Chronic kidney disease is a progressive illness. That means that it gets worse with time. Some illnesses, including chronic kidney disease, can be slowed or even halted in their progression by making strict changes to your diet and lifestyle. However, left untreated or without following certain guidelines, the illness can progress.
Chronic kidney disease is marked in stages. Each stage represents a value that helps quantify the progression of damage to the kidneys. Medical professionals use an equation known as the glomerular filtration rate (or GFR) to mark the progression of kidney disease. You can find this information at FDA.gov but we’ve summarized it below.
There are many factors that go into calculating the glomerular filtration rate, or GFR. This calculation is a fairly complicated equation that looks like this: GFR (ml/min/1.73m2) = 186 x (Creatinine / 88.4)-1.154 x (Age)-0.203 x (0.742 if female) x (1.210 if black). To simplify, your race, gender, age, and serum creatinine results are all used to calculate a value that represents the health and function of your kidneys.
The results of your GFR are relatively easy to read. The highest “score”, representing 100% healthy functioning kidneys, starts at 100. So then, if a GFR comes back as 50, your kidneys are only performing at half of their normal function.
Stages of Kidney Disease and Symptoms
Using the GFR, you can determine what stage of kidney disease you are in. Each of these stages is typically marked by a progression of symptoms as well.
The first stages of kidney disease often have no symptoms at all. Early stage kidney disease is most often only caught through routine examinations, which is why regular checkups are so important.
Stage 1: Normal or high GFR (GFR > 90 mL/min). Most often, people do not find out that they have kidney disease until stage 2 or later because the kidneys are still functioning well. There is damage to the kidneys, but it is almost undetectable. If the patient has high blood pressure or diabetes, doctors know to be on the lookout for kidney damage, which can be seen through imaging such as ultrasound, MRI, and CT scans.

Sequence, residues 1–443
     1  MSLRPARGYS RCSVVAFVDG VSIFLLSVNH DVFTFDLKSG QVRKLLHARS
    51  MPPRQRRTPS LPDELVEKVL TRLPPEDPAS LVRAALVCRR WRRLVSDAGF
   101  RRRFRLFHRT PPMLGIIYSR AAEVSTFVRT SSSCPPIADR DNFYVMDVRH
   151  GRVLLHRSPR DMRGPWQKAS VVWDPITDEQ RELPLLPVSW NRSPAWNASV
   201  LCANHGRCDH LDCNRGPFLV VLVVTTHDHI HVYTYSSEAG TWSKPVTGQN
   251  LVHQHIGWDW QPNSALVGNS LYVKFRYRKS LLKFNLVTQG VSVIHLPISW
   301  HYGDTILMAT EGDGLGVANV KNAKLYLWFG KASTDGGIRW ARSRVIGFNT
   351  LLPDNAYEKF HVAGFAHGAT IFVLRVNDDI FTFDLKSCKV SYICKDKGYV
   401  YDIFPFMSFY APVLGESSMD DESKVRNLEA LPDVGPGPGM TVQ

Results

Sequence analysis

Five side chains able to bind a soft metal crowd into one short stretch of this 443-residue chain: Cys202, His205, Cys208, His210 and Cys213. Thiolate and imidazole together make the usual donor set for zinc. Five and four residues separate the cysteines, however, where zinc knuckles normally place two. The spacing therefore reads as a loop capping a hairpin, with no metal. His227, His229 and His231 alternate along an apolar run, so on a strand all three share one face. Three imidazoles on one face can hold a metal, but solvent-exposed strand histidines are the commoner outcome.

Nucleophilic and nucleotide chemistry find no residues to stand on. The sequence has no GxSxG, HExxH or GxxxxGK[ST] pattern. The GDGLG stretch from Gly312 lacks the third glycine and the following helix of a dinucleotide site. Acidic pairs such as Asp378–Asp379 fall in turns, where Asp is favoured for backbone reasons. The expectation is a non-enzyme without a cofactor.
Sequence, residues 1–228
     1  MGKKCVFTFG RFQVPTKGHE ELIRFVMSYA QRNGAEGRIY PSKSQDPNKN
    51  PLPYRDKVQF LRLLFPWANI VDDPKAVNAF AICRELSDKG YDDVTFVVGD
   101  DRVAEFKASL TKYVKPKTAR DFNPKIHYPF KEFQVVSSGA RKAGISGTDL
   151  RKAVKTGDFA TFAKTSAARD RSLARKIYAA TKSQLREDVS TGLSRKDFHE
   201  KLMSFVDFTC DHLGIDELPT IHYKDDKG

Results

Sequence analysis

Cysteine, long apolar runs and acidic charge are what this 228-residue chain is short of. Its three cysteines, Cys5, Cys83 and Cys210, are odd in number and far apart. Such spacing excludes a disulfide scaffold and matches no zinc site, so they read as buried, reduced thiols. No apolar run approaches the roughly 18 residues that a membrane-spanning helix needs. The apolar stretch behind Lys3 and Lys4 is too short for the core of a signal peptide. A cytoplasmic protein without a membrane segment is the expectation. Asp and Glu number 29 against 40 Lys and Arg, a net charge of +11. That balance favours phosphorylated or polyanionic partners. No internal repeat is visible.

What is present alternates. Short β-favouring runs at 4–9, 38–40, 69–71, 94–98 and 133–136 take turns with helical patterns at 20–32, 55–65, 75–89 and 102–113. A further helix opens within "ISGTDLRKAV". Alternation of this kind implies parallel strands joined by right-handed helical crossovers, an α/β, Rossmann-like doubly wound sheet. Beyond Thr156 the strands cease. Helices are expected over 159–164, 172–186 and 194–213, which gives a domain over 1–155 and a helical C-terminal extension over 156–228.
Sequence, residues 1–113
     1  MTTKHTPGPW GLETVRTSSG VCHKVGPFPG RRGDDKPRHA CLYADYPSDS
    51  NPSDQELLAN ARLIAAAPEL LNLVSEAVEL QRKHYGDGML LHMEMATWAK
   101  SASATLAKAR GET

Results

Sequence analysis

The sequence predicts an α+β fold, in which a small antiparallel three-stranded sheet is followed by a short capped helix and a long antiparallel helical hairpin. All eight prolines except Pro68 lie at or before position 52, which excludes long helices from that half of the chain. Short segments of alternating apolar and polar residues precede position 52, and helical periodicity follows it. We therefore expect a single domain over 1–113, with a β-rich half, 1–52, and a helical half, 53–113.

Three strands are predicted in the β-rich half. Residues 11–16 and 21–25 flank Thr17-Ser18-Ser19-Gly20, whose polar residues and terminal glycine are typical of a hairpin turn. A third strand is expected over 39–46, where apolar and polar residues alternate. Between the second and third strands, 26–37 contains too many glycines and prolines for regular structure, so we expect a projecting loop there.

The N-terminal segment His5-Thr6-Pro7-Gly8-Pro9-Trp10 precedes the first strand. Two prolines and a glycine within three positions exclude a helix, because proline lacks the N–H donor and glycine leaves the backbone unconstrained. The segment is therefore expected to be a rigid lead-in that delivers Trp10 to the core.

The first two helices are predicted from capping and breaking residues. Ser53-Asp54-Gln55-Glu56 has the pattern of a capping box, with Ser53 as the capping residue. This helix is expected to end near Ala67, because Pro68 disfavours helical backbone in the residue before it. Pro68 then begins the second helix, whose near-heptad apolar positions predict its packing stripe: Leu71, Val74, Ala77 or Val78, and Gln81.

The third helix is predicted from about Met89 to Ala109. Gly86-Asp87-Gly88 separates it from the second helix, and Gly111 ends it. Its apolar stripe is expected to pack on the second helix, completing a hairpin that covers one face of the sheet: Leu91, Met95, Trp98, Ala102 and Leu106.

Stage 2: Mild CKD (GFR = 60-89 mL/min). Very few to no symptoms are typically present in the second stage of kidney disease, but it is easily detectable through routine testing. If any symptoms are present, they are usually urinary issues.
Stage 3: The third stage of kidney disease is broken up into two parts. Stage 3A (GFR = 45-59 mL/min) and stage 3B (GFR = 30-44 mL/min). This is considered moderate damage, and this is where most of the symptoms of kidney disease come into play. Major urinary changes, fatigue, back pain, leg cramps, and fluid retention are all common in stage 3 kidney disease.
Stage 4: Severe CKD (GFR = 15-29 mL/min). Stage 4 is considered to be severe, with symptoms drastically changing your life. Stage 4 often sees the symptoms of stage 3 worsening, plus nausea and vomiting, nerve issues such as tingling and numbness in the extremities, problems sleeping, loss of appetite, and more.
Stage 5: End Stage CKD (GFR <15 mL/min). End-stage renal disease is where kidney function must be replaced with either dialysis or transplant. At this stage, symptoms have continued to worsen dramatically. Patients may be experiencing changes in their appearance as well as very little to no urine output.
The stages of chronic kidney disease are ultimately decided by the glomerular filtration rate equation, but they symptoms of CKD are also a good measure of damage to the kidneys. If you do not already know your GFR, talk to your doctor about the stages of kidney damage and what you need to do to slow the progression of kidney damage and live a more comfortable life.
Need even more information? Read Stages of Renal Disease Explained now.
Also published on Medium.